Confused and have questions? We’ve got answers. With Chegg Study, you can get step-by-step solutions to your questions from an expert in the field. If you rather get 1:1 study help, try 30 minutes of free online tutoring with Chegg Tutors.


From Biology-Online Dictionary | Biology-Online Dictionary
Jump to: navigation, search



An expert or researcher in the field of neuroscience


A neuroscientist is an expert in the field of neuroscience. Neuroscience is the scientific study of the nervous system and is concerned with the structure, development, function, chemistry, pharmacology, and pathology of the nervous system. The history of neuroscience dates back to the time of the ancient Egyptians. There were manuscripts (around 1700 BC) delineating brain damage. Some of the earliest experts in neuroscience were Hippocrates and Galen. Hippocrates, a Greek physician, posited that the brain was the seat of intelligence apart from being associated with the senses (hearing, vision, touch, olfaction, etc.). Galen, a Roman physician, supported this thought when he observed that sustained damage to the brain led to mental disorders. With the advent of modern tools and technology, neuroscientists were able to study the nervous system at the molecular, physiological, biochemical, biomedical, physical, computational, anatomical, and systemic levels. Some of the famous modern neuroscientists include Arvid Carlsson, Paul Greengard and Eric Kandel. Arvid Carlsson, a Swedish neuropharmacologist, is recognized for his work with dopamine and its effects in Parkinson's disease. Paul Greengard, American neuroscientist, is credited for his work on molecular and cellular function of neurons. Eric Richard Kandel, an Austrian-American neuroscientist, is known for his research on the physiological basis of memory storage in neurons. They were the recipient of the Nobel Prize for Physiology or Medicine in year 2000.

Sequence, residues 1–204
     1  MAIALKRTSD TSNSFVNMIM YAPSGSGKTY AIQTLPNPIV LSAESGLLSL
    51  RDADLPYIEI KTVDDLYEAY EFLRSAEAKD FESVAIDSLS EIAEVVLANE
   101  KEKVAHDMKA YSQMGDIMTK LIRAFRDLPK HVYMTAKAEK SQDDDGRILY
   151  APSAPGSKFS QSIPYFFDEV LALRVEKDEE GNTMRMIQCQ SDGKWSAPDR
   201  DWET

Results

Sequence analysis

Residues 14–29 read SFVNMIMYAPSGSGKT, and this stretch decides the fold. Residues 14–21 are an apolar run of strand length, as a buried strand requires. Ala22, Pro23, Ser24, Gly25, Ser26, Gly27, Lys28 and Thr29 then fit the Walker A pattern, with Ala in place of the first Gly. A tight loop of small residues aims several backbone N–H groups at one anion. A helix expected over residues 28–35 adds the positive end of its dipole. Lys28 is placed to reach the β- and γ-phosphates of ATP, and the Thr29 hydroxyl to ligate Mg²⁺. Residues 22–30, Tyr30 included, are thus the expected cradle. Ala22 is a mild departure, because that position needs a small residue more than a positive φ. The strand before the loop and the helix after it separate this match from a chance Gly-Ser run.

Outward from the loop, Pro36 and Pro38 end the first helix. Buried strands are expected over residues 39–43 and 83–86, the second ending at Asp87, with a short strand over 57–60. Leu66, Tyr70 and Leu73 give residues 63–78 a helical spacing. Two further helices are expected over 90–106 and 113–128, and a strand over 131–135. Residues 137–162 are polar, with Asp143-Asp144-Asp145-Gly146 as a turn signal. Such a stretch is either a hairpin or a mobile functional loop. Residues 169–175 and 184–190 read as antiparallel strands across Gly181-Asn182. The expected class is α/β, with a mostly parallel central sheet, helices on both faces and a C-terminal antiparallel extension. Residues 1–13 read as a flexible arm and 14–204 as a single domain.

Word origin: Greek neuron + science


  • neurobiologist

See also: